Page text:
The film La Pianiste is not only a stunning work of art; it also brilliantly portrays the psychopathology of Erika Kohut, a repudiated piano professor at the Consevatoire de Vienne. By leading us into her private life and exploring her "abnormal" fantasies the film creates a striking paradox: A talented artist whose musical renderings are filled with a passionate yet rigorous technical perfection desires to be brutalized and tortured during sex. Unable to realize this fantasy until meeting another brilliant musician with whom she attempts to act out her sado-masochistic desires, Erika inflicts the pain upon herself; she mutilates her genitals with razors. Forced to lie to her domineering and omnipresent mother, Erika goes to sex shops where she watches peep shows and sniffs left behind paper towels saturated with ejaculate. Her voyeuristic tendencies become more apparent when she goes to a drive-in movie theater and spies on a young couple making love. Once excited, she squats and urinates over the open wounds of her mutilated genitals, apparently eroticizing the burning sensation. For Erika, the sensations of pain and brutality are inextricably linked with sexuality and romantic intimacy. The purpose of this essay is to elucidate the heroine of this film by better understanding the reasons behind her extreme sado-masochism and their possible roots. What psychic mechanisms could be at work behind the motivations of such a complex and paradoxical woman?
[...] She allows her to scold her as if she were a child, indicating Erika's failure to develop into an autonomous person capable of making her own decisions and of knowing, much less pursuing her own pleasures and pursuits. As stated in the introduction, the separation and individuation processes by which a child departs the paradise of the symbiotic union was never completed in Erika's psychological development. These processes by which the child develops autonomous ego functioning are open-ended. There is no specific age limit by when these processes should be complete. [...]
[...] It is clear that Walter has awakened a romantic longing inside Erica. After he reads the letter, she states that she does not know why she chose him. It is as if she has found in Walter a figure that she will allow to control her. Why? We can speculate that his own artistic virtuosity puts him, in the eyes of Erika, on the same haughty plane as herself. He is someone "special" enough who Erika would allow to turn the violence she feels toward eroticism and intimacy against herself. [...]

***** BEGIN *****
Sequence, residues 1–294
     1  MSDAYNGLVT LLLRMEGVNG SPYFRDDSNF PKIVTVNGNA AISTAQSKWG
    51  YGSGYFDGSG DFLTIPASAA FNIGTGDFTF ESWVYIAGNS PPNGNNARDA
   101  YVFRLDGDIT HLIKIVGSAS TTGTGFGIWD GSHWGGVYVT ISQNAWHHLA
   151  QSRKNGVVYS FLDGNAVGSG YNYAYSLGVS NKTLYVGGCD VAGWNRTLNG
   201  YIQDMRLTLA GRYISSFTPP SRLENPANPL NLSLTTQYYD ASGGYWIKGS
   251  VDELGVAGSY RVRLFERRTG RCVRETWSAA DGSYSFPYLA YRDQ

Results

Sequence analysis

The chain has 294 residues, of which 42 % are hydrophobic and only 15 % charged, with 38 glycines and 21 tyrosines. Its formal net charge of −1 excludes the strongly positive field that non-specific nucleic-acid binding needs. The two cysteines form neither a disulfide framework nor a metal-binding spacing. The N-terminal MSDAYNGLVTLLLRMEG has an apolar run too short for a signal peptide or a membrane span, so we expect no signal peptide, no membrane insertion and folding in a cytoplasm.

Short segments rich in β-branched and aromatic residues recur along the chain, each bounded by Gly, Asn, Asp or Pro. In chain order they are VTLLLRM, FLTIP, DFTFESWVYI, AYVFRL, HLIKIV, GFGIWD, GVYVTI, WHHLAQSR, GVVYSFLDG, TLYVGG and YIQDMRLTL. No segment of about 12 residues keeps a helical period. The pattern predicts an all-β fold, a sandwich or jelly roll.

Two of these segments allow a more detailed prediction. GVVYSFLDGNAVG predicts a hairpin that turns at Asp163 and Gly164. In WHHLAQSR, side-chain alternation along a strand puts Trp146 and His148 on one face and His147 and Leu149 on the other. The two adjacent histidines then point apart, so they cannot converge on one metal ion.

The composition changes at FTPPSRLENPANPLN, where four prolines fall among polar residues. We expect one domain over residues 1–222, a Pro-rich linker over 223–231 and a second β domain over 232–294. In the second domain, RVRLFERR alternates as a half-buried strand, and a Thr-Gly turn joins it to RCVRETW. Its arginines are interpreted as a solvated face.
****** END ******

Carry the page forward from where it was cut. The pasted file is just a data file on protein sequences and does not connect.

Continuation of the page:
[...] Being that super-ego contents are transmitted to the child from the parents, we can see how Erika's super-ego is a type of moralizing persecutory introject reflective of her mother; a narcissistic, orgueilleuse, proud, and often nasty woman. Let us now examine these two hypotheses by using examples from the film. In the opening scene Erika comes home to the apartment she shares with her mother. Despite being a grown woman approaching forty, her mother treats her as though she were still an infant. [...]
[...] If each time a dog urinates on the carpet he receives a slap, he will ultimately associate urinating on the carpet with physical pain and ultimately stop urinating on the carpet. Each time Erika thought of sex or of romantic relationships with men, her super-ego launched an assault of guilt feelings and a resurgence of the internalized sexually repressed mother assailed her fragile ego. Ultimately she came to associate sexual impulses not with corporal pleasure but with a psychic bombardment of guilt and in consequence, we could postulate that a need for punishment arose to alleviate intense guilt feelings. [...]
[...] The nature of her sexual fantasies is so morbid, extreme and brutal that one has to question whether or not she has a realistic grasp on her identity and her body. I would suggest that due to symbiotic origin of her extreme sado-masochism Erika could be qualified as psychotic at the end of the film. It is not the sado-masochism itself that allows us to arrive at this conclusion. Rather, as stated above, Erika lives in symbiotic fusion with her mother: psychical differentiation between the two never occurred. [...]
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